See Emergency Department Care.


When stepped on, the stingray reflexively strikes out, causing the injury to the person who stepped on it. Advise patients to walk in the shallow areas of the beach with a shuffling gait. This is effective in causing stingrays to move away and help decrease the possibility of accidentally stepping on a stingray.



Stingray venom is highly complex chemically. For example, analysis of Potamotrygon motoro (ocellate river stingray), has shown the presence of hyaluronidase, cystatin, and calglandulin. The hyaluronidase present is unique to stingrays and differs from the hyaluronidase found in the venom of bony fish species. There is large variation in the composition of stingray venom, even among related freshwater species. [4]   

In rodent models, it has been discovered that P motoro venom causes both neurogenic and inflammatory pain. Neurokinins, calcium, and histamines are among the neuroinflammatory mediators in the venom that contribute to the extreme pain associated with P motoro stings. [5] Kirchhoff et al found from analysis of 5 stingray venom transcriptomes that toxins present in these venoms responsible for hyperalgesia primarily activate the inositol-3-phosphate receptor cascade. This activation causes the release of intracellular calcium. There was also evidence for synergistic activity among toxins, with tumor proteins and nerve growth factors working in unison to activate pain-signaling pathways. [6]




According to the National Capital Poison Center, there are approximately 1500-2000 stingray injuries reported in the United States each year. [7] More detailed statistics are unavailable, but several international surveys of local incidence have been undertaken. A survey of 392 marine toxicology cases reported to a South African poison control center from 1995-2014 revealed 36 (9.2%) were regarding stingray envenomations. [8]  A separate survey of 300 adults living in the Tapajos River Basin of Brazil revealed that 19 (6.3%) respondents had experienced stingray injuries in the past 12 months. [9]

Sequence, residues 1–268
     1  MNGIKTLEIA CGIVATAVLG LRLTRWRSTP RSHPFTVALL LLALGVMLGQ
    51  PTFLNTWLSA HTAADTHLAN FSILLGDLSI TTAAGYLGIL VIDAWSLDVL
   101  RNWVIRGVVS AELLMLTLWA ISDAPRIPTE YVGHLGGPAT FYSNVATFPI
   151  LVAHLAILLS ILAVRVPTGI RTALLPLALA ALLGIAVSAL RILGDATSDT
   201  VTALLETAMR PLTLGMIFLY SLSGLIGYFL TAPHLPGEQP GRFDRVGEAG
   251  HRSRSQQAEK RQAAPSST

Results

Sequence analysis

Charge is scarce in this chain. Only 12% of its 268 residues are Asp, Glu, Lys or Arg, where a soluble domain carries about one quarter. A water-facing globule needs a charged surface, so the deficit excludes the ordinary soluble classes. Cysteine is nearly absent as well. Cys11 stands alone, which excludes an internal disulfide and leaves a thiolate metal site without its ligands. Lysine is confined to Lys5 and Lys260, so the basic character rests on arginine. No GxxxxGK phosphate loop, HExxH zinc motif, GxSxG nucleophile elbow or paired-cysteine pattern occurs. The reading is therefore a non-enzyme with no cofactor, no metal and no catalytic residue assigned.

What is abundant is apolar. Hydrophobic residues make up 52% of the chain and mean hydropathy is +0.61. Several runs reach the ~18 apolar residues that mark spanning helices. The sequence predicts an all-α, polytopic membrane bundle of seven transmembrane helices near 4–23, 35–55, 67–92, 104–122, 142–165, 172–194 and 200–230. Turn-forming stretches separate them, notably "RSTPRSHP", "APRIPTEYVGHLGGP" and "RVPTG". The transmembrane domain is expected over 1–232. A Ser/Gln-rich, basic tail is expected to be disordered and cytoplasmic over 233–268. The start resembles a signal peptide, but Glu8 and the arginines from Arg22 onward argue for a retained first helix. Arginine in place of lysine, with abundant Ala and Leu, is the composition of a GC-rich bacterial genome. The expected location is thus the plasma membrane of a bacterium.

Patient Education

Following is an example of discharge instructions that could be given to patients after treatment of stingray injuries.

Because so many areas of water are nearby, many types of injuries associated with being in or near the water are encountered. These injuries may occur while fishing, walking on the beach, playing in the surf, diving, or working with a home aquarium.

Stingrays often cause lacerations and puncture wounds when the tail whips up and thrusts its barbed spine into the victim, depositing venom (poison). The pain is severe immediately and worsens over the next hour. The pain may last 48 hours. Although rare, deaths have occurred from stingray injuries.

As soon as possible, the wound should be soaked for 30-90 minutes in very hot water (as hot as can be endured without causing burns). The heat inactivates the poison and dramatically relieves the pain. The physician may prescribe pain medication. Also, because the risk of infection is very high, antibiotics are given to prevent infection.

Despite the best of care, any wound can develop infection or other complications. If any of the following occur, it is recommended that patients call their own doctor, the referral physician, or clinic (If a physician cannot be contacted, return to the ED is advised.):

  • Wound drainage increases, shows pus, or develops a foul odor

  • Wound bleeds heavily

  • Wound becomes more sore or swollen

  • Wound develops increasing redness, or red streaks develop

  • A fever develops

  • Wound does not appear to be healing properly

  • Any other new or worsening symptoms that are of concern